As you can see - it was a GORGEOUS DAY for it.  Puffy white clouds and lots of sunshine.  Vendors like Powerbar, Helly Hansen, Suunto and Fast & Female were there.  There was also a booth selling run gear, but I think it might have been a local sport store.  They also had commemorative merchandise for sale.

Package pickup itself was pretty smooth.  There was one line for the half and one for the full.  I was surprised that the full line was the busy one.  I guess people really wanted to take advantage of a closed route through one of the most beautiful places on earth (like I did).

Even with the lineup - it went fast and soon, I had my own Helly Hansen bag full of goodies.

The ladies shirts were this bright green and the mens were black.  Included in the bag was also power bar samples, Soap from Rocky Mountain Soap and assorted flyers (including the Canadian Running Race Guide).

The bibs were much smaller than I expected.  A lot of the touting about this race is how there would be interpretive stations on the course and you could collect stamps from these stations on your bib.  These bibs, however, didn't look like the ones in the advertising and didn't particularly have any spaces reserved for said stamps.  

The shirts were nice - short sleeve Zorrel brand tech shirts (my favourite brand of race shirt).

I didn't buy anything at the expo.  I did notice, however, that the river was really high.  Not as high as last year when the race was cancelled, though...

You probably can't tell, but the water is right up in the grass.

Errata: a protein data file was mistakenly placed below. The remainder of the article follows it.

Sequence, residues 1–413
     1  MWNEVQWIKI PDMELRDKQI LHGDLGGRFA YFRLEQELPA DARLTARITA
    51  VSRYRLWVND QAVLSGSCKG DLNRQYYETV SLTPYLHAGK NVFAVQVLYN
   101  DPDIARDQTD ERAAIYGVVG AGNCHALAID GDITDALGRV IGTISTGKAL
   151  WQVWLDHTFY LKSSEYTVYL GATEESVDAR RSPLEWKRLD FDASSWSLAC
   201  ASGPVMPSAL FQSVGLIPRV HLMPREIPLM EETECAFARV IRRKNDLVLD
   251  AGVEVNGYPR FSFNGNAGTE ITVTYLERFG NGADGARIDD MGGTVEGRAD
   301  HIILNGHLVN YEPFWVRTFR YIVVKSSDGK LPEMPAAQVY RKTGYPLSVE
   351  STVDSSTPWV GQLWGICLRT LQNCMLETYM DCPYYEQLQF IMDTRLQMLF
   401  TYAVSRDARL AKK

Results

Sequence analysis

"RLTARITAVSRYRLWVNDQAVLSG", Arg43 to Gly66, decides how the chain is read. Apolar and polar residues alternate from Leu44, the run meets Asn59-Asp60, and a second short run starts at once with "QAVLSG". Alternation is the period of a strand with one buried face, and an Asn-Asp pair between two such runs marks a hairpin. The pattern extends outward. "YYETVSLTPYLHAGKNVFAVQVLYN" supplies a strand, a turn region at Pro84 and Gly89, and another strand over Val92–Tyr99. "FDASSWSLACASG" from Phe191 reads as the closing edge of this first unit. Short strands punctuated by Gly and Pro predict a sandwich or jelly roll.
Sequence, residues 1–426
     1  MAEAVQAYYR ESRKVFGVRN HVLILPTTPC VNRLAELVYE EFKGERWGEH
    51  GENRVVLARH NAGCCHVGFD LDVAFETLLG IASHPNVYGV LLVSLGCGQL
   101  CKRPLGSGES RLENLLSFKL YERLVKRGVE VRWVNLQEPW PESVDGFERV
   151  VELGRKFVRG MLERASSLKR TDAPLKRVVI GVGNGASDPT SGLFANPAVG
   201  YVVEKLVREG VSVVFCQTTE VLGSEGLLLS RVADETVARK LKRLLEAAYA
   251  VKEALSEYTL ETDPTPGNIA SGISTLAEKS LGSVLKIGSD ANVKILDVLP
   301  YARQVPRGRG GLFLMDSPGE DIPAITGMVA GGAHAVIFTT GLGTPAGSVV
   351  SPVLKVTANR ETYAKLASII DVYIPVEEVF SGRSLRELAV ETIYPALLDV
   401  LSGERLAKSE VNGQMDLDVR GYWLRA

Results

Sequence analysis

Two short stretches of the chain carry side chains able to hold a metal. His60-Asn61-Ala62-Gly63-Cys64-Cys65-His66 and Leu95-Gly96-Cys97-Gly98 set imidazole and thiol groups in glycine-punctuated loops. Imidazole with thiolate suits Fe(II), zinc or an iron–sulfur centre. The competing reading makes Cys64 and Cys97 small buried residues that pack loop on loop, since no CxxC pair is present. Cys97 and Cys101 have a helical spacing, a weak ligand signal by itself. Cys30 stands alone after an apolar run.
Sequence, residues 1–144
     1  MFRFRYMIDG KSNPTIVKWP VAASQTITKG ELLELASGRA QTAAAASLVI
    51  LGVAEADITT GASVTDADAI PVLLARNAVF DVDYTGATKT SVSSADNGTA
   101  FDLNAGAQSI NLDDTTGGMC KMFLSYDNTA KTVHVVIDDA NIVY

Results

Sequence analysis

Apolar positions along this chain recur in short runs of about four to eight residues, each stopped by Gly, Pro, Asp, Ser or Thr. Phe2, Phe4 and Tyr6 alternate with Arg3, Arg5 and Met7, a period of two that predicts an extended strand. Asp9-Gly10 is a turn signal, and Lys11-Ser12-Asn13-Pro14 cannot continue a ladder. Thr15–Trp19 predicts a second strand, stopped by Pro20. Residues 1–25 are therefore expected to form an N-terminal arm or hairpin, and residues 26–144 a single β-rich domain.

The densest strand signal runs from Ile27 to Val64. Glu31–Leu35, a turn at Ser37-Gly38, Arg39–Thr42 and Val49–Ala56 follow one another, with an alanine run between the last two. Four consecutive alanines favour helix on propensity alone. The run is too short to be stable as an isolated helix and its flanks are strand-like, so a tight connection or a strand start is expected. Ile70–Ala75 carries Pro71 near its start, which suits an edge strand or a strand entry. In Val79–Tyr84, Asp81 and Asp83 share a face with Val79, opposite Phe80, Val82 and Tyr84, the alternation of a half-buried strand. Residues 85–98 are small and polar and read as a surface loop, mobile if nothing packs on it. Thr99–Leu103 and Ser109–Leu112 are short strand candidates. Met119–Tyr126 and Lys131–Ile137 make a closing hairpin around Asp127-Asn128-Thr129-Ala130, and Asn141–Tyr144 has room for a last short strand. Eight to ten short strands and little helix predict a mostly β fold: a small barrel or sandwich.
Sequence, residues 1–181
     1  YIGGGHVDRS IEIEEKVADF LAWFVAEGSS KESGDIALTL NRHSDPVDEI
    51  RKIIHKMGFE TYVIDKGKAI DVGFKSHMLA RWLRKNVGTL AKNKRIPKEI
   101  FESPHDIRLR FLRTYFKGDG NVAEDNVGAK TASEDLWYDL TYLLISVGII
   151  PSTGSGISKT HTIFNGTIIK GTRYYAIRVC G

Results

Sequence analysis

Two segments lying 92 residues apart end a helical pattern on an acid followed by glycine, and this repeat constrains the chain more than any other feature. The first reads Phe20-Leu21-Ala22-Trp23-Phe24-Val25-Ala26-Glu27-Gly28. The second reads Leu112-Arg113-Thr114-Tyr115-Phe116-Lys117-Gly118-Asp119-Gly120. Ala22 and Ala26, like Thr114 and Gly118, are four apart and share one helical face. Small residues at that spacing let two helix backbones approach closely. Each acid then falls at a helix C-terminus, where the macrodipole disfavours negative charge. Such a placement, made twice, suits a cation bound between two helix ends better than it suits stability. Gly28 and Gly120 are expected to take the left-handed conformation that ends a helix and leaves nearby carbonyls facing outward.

I also didn't stay for the race briefing.  I figured why rub salt in the wound.  Besides - I already knew, from the athlete update that was emailed that morning, that the race course had changed due to competing bear activity on the original route.

The Route

When I registered, it was entirely because of the route.  Closed course running out and back up the Bow Valley Parkway?  YES, PLEASE!  That is my absolute favourite highway in the province.  The new route would instead run up the Legacy Trail (beside the Transcanada) out past the park gates and back.  It is almost a blessing I couldn't run it because that is not the route I would have wanted to run.  It would still be very beautiful - it just wouldn't be as special as the parkway.

Now, I do think it is worth mentioning the facilities on course.  As we drove home, I couldn't help but notice that there were porta-potties on the trail and, by my odometer, pretty much spaced exactly 2k apart.  IMPRESSIVE!  Probably because it would be nearly impossible to have runners pack out their own shit during a marathon but after having run a facility-less half in February - this was a sight for sore eyes!

It's also worth noting that for race day today the weather was ABSOLUTELY PERFECT!

The Hard Question